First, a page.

PRINCE JONAH KUHIO KALANIANAOLE
(Revised edition printed by permission of author.
Originally published by Hawaii County Library,
Hilo, Hawaii in 1962.)
Photograph - Courtesy Archives of Hawaii
Hawaii state Library System
Centralized Processing Center
The High Chief Kuhio was a descendant of Keawe II of the Hawaii Royal family; Laakea of the Hilo family and of the Maui family.
The descent from the Keawe line was through that famous queen, Kalanikauleleiaiwi, half sister and pio wife of Keawe II. By Kanekoa, of the Maui family, this Queen had a daughter Poomaikalani.
Poomaikalani was married to Elelule of the I family and had by him the High Chief Kuhio Kalanianaole.
The Kapumoe Chiefess Kekaulike Kinoiki and the High Chief Kuhio Kalanianaole had three daughters, the eldest being Kapiolani Napelakapuo-kakae who married King Kalakaua and had no children.
The second daughter, Poomaikelani Kapooloku, also died without issue.
The third daughter, Kekaulike Kinoiki, married the High Chief David Kahalepouli Piikoi.
The Piikoi chiefs were junior lines of the Kauai and Hawaii alii families.
The first Chief Piikoi of who we know was a close relative of King Kaumualii, possibly a half brother. His relationship was so close that we first learn of him as being Kaumualii's pipe lighter at the time the missionaries arrived. This Piikoi was an apt student of the new palapala and likeable person who readily became a Christian convert. He was so likeable that at the time Liholiho kidnapped Kaumualii, Liholiho asked Kaumualii to give him Piikoi as a personal attendant. Liholiho gave Piikoi (who took the Christian name Jonah) large estates on the Kaneohe side of the island and the tract of land lying on the Diamond Head side of McKinley High School.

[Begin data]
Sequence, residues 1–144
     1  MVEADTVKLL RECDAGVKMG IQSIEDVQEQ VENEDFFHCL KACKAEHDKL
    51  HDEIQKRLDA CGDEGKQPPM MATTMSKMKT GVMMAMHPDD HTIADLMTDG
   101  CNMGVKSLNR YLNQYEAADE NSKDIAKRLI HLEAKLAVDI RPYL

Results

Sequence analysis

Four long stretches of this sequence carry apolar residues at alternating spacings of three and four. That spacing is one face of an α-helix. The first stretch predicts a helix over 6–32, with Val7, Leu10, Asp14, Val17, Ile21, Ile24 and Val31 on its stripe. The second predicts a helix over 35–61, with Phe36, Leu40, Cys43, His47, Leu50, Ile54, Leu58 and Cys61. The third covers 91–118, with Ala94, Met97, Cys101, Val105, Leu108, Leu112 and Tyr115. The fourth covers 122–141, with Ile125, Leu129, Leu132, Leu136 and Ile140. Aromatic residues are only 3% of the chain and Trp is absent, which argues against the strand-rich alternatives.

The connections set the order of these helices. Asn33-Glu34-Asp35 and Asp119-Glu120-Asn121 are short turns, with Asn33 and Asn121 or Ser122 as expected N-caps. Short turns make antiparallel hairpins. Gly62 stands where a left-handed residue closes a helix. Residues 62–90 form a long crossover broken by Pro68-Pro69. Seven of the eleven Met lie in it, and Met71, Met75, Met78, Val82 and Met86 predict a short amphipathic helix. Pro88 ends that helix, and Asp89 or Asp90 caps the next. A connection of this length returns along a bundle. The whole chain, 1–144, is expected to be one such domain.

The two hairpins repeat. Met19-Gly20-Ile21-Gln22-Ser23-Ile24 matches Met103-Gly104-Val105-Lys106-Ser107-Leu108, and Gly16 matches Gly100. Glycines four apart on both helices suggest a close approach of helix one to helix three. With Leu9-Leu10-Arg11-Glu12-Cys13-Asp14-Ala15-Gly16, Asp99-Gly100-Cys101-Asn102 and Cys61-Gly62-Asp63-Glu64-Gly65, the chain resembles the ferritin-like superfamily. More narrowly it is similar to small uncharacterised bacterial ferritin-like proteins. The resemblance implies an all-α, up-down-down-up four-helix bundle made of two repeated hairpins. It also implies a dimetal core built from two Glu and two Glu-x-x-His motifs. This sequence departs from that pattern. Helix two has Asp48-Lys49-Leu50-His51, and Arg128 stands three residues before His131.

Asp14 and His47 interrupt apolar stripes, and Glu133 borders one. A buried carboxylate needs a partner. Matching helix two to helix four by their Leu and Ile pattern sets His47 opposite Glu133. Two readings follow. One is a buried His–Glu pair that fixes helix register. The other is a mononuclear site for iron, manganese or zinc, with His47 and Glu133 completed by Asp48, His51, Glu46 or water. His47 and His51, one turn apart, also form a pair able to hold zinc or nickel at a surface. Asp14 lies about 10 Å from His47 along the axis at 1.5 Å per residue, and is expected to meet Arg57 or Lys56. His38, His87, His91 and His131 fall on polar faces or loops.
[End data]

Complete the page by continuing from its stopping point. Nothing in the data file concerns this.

His son, High Chief David Kahalepouli Piikoi, was a cousin of King Kalakaua and Queen Liliuokalani through his mother Kekahili. She was a half sister of the Chief Kapaakea, father of the King and Queen.
Kekaulike Kinoiki II and David Kahalepouli Piikoi had three sons: David Kawananakoa Piikoi, born February 19, 1868 in Honolulu; Edward Keliiahonui; and Jonah Kalanianaole, born March 26, 1871 at Koloa, Kauai.